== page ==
Originally posted by RoBoTeq
    If they develope a leak, they are a pain to repair.
    Trane has a repair kit that makes leak repairs at the copper to aluminum joints easy. Follow the instructions exactly and it works perfectly. Deviate from the instructions and you will have a bad day.
    If more government is the answer, then it's a really stupid question.

  6. #6
    Join Date
    Apr 2004
    Location
    Niantic, Illinois
    Posts
    545
    Trane/American Standard have the patent on their spine fin coils. Nobody else builds them the same or as well. The other attempts have been such miserable failures that Trane gets a bad rap from it. This may be an urban legend, but I heard through the grapevine that Trane may help some others develop a spinefin so as to offset the bad reputation spinefins have gotten from other manufacturers attempts.

  7. #7
    Join Date
    Aug 2004
    Location
    North Richland Hills, Texas
    Posts
    14,914
    Between GE and Trane, enough spine fin tubing has been manufactured at the plant in Tyler, Texas to wrap around the earth several times. They have a display with the figures for it if you go on the factory tour, but its been a few years so I forgot. I think it was enough to wrap around the earth more than 4x though.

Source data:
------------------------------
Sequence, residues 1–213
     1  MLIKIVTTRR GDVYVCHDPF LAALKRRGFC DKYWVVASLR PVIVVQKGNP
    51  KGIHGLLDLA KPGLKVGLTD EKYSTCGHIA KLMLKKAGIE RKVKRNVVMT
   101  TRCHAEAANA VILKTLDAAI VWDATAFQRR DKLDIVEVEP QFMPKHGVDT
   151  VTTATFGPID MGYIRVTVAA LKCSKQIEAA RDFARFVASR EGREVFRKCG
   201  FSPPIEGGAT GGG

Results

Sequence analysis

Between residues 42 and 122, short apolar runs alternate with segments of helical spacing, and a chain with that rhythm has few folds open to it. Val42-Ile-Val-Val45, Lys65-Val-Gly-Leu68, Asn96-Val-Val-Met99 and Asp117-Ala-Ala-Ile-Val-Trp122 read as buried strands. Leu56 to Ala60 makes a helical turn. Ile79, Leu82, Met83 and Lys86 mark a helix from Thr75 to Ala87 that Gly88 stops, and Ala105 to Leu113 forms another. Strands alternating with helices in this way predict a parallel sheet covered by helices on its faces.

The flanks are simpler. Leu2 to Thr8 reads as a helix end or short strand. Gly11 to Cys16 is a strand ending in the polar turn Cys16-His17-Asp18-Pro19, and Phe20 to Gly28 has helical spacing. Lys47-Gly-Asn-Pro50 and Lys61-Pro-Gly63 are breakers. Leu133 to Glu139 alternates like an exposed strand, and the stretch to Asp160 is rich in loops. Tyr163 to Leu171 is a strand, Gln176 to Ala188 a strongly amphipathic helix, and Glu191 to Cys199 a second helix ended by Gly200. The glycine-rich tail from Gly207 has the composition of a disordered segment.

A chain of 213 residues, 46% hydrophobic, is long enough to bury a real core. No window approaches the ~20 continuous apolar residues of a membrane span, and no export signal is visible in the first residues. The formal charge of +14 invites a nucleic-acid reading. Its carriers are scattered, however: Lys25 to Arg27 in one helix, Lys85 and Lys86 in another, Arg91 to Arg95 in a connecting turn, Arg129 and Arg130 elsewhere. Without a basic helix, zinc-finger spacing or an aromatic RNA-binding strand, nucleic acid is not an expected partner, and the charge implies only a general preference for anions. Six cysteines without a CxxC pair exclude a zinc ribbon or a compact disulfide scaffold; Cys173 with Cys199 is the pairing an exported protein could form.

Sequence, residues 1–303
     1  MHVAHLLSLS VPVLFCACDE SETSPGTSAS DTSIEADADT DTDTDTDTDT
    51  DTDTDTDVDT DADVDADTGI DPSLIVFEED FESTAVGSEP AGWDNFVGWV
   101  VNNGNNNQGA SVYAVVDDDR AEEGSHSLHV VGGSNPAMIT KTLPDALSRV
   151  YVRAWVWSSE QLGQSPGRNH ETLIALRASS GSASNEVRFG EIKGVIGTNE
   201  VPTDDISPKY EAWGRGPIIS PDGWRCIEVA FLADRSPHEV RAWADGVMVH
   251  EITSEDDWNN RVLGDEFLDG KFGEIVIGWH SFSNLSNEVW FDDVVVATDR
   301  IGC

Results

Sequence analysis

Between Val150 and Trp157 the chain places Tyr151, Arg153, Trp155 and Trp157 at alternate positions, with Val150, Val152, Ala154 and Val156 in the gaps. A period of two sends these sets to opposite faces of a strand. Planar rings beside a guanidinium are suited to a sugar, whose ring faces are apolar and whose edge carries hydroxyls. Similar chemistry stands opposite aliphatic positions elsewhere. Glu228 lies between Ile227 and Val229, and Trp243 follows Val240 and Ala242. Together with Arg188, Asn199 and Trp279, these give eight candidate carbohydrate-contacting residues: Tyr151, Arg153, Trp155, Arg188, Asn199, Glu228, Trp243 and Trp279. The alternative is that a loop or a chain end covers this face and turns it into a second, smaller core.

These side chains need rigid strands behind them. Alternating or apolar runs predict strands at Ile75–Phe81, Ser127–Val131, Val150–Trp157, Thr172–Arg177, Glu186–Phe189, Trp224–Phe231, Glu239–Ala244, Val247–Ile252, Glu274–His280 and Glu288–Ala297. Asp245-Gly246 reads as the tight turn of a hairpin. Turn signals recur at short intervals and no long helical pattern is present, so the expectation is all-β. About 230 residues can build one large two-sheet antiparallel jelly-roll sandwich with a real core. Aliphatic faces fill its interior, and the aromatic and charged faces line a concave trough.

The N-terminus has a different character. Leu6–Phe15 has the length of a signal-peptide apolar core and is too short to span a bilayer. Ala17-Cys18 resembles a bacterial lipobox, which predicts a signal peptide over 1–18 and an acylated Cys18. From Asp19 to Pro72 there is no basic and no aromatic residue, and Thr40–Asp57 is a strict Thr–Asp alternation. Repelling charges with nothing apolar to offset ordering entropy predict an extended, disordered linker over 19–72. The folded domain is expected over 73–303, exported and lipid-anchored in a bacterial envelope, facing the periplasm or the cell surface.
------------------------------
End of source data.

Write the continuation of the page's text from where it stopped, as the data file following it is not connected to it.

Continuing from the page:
If more government is the answer, then it's a really stupid question.

  8. #8
    Join Date
    Apr 2004
    Location
    Niantic, Illinois
    Posts
    545
    WOW, that's a bunch of recycled bud cans. Bottm line is Trane has it down pat. No one else does. If it's a Trane spine fin you have no worries. If it's someone else's, buyer beware.

  9. #9
    Join Date
    Feb 2004
    Location
    Kingsport, Tennessee
    Posts
    649

    Spine Fin Coils

    I can speak from experience on both sides of the issue. The leak failure rate on the GE/Trane spine fin coil is almost nil! The Carrier spine fin coil I will admit was a nightmare. I have been whipped, cursed, & abused because of that Carrier E-Coil! Actually, a lot of the Carrier leaks were in stress or bends in the feeder tubing. I actually saw the Carrier factory install the e-coil production line & also remove it!! The Trane spine fin is the most reliable coil! What the heck, Carrier gave it a good try.